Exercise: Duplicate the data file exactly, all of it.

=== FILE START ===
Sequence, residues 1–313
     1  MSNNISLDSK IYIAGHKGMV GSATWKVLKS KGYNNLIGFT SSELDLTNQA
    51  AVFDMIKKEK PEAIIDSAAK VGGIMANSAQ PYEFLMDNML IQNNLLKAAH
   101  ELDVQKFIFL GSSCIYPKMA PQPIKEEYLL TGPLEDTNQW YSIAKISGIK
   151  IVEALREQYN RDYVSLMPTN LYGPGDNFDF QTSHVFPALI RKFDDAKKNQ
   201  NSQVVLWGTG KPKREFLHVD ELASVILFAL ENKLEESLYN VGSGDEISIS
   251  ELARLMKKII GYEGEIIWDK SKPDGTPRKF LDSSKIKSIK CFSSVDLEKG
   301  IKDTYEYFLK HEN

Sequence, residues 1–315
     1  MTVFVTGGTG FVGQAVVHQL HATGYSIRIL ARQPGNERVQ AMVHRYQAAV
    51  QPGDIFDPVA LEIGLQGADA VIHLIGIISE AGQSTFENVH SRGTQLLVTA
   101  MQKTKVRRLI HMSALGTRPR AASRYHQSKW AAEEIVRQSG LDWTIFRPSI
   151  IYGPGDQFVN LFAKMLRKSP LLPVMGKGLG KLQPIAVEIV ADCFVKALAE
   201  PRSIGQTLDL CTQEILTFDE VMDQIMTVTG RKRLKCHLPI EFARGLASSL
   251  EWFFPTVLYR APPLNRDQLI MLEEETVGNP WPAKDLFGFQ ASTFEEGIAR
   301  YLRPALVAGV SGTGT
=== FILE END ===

Sequence, residues 1–313
     1  MSNNISLDSK IYIAGHKGMV GSATWKVLKS KGYNNLIGFT SSELDLTNQA
    51  AVFDMIKKEK PEAIIDSAAK VGGIMANSAQ PYEFLMDNML IQNNLLKAAH
   101  ELDVQKFIFL GSSCIYPKMA PQPIKEEYLL TGPLEDTNQW YSIAKISGIK
   151  IVEALREQYN RDYVSLMPTN LYGPGDNFDF QTSHVFPALI RKFDDAKKNQ
   201  NSQVVLWGTG KPKREFLHVD ELASVILFAL ENKLEESLYN VGSGDEISIS
   251  ELARLMKKII GYEGEIIWDK SKPDGTPRKF LDSSKIKSIK CFSSVDLEKG
   301  IKDTYEYFLK HEN

Sequence, residues 1–315
     1  MTVFVTGGTG FVGQAVVHQL HATGYSIRIL ARQPGNERVQ AMVHRYQAAV
    51  QPGDIFDPVA LEIGLQGADA VIHLIGIISE AGQSTFENVH SRGTQLLVTA
   101  MQKTKVRRLI HMSALGTRPR AASRYHQSKW AAEEIVRQSG LDWTIFRPSI
   151  IYGPGDQFVN LFAKMLRKSP LLPVMGKGLG KLQPIAVEIV ADCFVKALAE
   201  PRSIGQTLDL CTQEILTFDE VMDQIMTVTG RKRLKCHLPI EFARGLASSL
   251  EWFFPTVLYR APPLNRDQLI MLEEETVGNP WPAKDLFGFQ ASTFEEGIAR
   301  YLRPALVAGV SGTGT